If you're wondering how companies like Apple, Amazon, and Google are kicking ass and taking names, even in a "down" economy, here's the answer...
This stuff isn't just for the supernerds who program iPhone apps and websites; it's something you can use in your music marketing and it's a lot more simple than people make it out to be.
For example, take a look at this letter I received in my mailbox yesterday...
It's a simple letter, which probably took all of 10 minutes to write, address, and send. Yet it says something very important to the customer-- you've made the right decision by purchasing from us and you should feel good about it.
If you've never been to a high-end hotel, restaurant, clothing store, or shopping center, you should go, if for no other reason than to observe. In general, everything a customer experiences at these places gives a similar message.
In addition, everything you'll experience at a high-end provider is designed around these two things:
Postal mail worked 100 years ago and it still works today. If you're looking for a good way to have your message cut through the noise of voice mails, emails, and text messages, think about using it.
This post isn't about the power of postal mail though; it's about the power of comfort, ease, and reinforcing the good decisions your customers make. You can do this any number of ways, from a mobile phone that needs no instruction manual, to a search engine that finds you exactly what you're looking for, to a free toaster when you open a new checking account.
How will you do it with your music business?
This is an example of a great way to get content for your video, build connections with fans, and spread the word about your music...
Why it works...
The idea is not limited to just dancing. You can do it with any action. Driving, walking, running, playing with dogs, climbing stairs, hammering nails, etc.
Want to know more about Butterfly Boucher? Listen to her interview on Music Business Radio.
This question was recently asked to Andrew WK...
"I’m dating a guy who refuses to give up on his dreams of rock stardom. While it’s admirable in a way, I need a little bit more stability if we’re going to make this work. How can I gently break this to him?"
"Don’t you dare say anything to him about giving up his dream. You’re not the right person for him. Never ask someone to give up on their dream just so you can feel more stable. It’s his choice and his choice alone, no matter how ridiculous his dream may seem to you, or to society, or even to himself. Dreams make humans into self-realized individuals. Your only responsibility is to love everything about him, including his dreams. The idea of 'making this work' sounds more like a way to make his life more boring and predictable. At worst, it’s a genuine sadistic desire to control someone else because your own life feels out of control — or a cruel need to dominate and break someone’s spirit for the sake of your own peace of mind. Look for stability and peace of mind inside yourself, and not in your relationships or the dreams of others."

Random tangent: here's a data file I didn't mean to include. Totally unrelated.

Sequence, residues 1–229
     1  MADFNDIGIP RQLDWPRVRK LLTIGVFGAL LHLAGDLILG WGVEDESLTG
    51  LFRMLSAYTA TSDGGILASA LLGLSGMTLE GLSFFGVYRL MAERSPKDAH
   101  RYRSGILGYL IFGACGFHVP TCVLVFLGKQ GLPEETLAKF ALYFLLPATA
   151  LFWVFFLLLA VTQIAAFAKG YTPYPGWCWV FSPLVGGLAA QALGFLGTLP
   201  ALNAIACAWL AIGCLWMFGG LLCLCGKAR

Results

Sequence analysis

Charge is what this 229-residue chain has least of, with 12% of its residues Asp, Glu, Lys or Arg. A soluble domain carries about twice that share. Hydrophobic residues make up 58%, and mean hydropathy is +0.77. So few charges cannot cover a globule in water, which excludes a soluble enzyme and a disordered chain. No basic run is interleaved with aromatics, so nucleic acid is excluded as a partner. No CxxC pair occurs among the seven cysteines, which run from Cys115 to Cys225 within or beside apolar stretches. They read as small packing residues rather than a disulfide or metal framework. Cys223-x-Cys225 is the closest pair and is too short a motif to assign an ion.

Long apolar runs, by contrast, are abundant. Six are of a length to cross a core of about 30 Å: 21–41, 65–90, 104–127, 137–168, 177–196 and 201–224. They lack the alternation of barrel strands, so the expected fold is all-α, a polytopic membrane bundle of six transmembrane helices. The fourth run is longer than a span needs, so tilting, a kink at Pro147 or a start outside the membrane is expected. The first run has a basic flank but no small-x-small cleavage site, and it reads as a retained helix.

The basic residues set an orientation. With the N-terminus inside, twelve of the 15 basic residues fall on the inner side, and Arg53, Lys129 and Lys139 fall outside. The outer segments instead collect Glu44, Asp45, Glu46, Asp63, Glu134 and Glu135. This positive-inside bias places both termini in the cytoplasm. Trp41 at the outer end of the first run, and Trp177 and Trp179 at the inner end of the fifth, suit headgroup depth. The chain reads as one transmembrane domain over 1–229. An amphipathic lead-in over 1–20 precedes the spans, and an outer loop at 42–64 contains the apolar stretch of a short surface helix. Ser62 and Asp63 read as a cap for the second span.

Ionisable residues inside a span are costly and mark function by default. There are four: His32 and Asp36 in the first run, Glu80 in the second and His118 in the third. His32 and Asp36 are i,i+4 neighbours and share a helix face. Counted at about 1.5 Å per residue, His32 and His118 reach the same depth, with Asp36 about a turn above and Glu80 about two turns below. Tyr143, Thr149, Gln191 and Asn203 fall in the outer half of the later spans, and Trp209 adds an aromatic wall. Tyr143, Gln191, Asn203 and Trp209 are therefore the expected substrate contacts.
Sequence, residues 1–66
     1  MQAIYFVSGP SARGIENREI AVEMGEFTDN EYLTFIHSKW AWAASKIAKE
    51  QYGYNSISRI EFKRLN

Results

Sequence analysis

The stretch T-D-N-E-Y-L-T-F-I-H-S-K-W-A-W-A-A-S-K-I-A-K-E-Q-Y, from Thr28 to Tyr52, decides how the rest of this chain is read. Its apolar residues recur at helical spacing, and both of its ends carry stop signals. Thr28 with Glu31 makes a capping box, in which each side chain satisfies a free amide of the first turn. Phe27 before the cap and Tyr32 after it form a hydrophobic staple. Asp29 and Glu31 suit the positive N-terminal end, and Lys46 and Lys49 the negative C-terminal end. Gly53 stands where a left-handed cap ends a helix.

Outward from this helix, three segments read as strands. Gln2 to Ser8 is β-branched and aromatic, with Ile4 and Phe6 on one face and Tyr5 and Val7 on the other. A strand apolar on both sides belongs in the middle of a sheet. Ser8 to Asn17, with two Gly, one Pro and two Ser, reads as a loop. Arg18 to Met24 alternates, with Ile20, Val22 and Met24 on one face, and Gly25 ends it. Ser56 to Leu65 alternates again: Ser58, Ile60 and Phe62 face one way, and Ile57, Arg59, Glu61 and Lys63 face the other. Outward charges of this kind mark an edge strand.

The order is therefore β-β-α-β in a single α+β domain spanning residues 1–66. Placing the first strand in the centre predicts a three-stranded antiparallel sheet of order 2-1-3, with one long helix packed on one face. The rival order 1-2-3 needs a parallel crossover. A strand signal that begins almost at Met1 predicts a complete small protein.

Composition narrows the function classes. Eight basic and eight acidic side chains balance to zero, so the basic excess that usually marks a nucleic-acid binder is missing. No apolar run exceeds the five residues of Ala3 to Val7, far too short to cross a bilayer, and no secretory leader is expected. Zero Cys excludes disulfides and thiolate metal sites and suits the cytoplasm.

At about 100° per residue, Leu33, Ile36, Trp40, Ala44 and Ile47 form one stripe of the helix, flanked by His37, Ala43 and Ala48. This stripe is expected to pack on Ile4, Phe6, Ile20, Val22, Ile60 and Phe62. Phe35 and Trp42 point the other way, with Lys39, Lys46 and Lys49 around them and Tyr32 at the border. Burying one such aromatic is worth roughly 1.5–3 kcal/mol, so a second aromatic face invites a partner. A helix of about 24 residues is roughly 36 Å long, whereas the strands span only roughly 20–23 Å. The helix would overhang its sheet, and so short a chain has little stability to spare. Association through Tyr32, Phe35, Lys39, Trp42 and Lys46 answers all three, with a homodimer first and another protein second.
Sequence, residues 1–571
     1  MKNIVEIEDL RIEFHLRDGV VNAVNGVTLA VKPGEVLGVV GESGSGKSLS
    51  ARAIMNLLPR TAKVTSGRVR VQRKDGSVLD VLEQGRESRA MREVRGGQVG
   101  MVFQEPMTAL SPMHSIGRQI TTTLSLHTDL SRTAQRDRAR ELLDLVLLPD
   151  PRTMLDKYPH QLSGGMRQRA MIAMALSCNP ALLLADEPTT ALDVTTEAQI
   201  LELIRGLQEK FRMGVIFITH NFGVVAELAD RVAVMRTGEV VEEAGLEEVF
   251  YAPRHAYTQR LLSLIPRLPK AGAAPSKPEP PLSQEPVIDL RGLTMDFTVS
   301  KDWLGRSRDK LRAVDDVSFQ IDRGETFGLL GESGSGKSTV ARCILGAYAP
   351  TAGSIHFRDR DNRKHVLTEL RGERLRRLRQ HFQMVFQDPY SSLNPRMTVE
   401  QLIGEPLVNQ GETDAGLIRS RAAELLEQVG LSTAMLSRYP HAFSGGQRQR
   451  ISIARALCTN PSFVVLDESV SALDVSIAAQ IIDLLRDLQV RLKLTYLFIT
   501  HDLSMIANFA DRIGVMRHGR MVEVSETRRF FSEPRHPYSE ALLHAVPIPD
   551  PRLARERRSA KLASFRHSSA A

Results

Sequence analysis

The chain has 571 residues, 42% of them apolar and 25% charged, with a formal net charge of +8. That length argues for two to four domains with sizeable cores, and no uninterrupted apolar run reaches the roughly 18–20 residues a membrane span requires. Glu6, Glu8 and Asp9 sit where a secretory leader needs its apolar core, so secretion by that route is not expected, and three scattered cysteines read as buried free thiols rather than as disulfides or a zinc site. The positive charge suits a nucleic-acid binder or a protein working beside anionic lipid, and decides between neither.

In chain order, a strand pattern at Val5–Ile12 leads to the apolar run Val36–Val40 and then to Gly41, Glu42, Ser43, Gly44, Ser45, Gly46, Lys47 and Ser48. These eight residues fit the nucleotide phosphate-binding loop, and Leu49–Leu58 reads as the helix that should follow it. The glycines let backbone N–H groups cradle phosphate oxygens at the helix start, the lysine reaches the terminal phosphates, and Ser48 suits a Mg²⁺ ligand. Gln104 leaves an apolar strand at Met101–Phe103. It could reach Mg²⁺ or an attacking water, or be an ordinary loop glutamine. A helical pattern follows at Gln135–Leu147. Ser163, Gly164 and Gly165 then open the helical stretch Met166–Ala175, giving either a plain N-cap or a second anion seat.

Shawn Huberts wrote a book called How to Pack Like a Rock Star. He also wrote the following post...
Whether you're going on tour for 2-3 days, or 2-3 months, the idea is still the same...
While getting ready to leave on tour, there are always a couple of things that must be done first.
1. Make sure you have all your proper gear and instruments.
2. Make sure you've packed your bags for the road.
Warning: the pure joy and excitement of tour can often overshadow the latter… but don't let it! This is a very important step.
I've found that one of the best ways to help a tour run smoother comes directly from a properly packed suitcase.
You think I'm crazy? Well think about it this way... It's 2 minutes till showtime and you've just spent the entire day recovering from your exhausting drive through the night; you and your bandmates are grumpy and hungry (among other things) and the last thing you want now is a 5-minute rummage through your bag only to find out now that you didn't bring your favorite stage shirt. No one wants to go on stage with that attitude!
You say to yourself, "If you had just packed properly before you left, if you had just been a little more organized, you wouldn't be in this conundrum right now when you should be focusing on the show!”